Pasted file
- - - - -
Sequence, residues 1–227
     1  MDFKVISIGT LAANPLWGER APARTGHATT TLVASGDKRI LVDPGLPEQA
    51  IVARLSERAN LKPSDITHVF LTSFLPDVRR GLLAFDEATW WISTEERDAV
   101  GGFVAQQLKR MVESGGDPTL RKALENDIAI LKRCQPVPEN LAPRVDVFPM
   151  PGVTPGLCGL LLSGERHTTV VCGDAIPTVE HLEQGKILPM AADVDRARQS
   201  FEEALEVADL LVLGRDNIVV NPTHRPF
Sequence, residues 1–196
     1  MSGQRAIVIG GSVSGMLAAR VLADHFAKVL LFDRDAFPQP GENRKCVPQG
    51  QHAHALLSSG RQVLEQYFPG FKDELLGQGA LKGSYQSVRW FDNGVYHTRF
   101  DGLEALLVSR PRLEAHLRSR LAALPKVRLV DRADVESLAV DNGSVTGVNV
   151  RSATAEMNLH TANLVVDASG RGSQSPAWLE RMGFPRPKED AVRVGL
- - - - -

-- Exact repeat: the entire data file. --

Sequence, residues 1–227
     1  MDFKVISIGT LAANPLWGER APARTGHATT TLVASGDKRI LVDPGLPEQA
    51  IVARLSERAN LKPSDITHVF LTSFLPDVRR GLLAFDEATW WISTEERDAV
   101  GGFVAQQLKR MVESGGDPTL RKALENDIAI LKRCQPVPEN LAPRVDVFPM
   151  PGVTPGLCGL LLSGERHTTV VCGDAIPTVE HLEQGKILPM AADVDRARQS
   201  FEEALEVADL LVLGRDNIVV NPTHRPF
Sequence, residues 1–196
     1  MSGQRAIVIG GSVSGMLAAR VLADHFAKVL LFDRDAFPQP GENRKCVPQG
    51  QHAHALLSSG RQVLEQYFPG FKDELLGQGA LKGSYQSVRW FDNGVYHTRF
   101  DGLEALLVSR PRLEAHLRSR LAALPKVRLV DRADVESLAV DNGSVTGVNV
   151  RSATAEMNLH TANLVVDASG RGSQSPAWLE RMGFPRPKED AVRVGL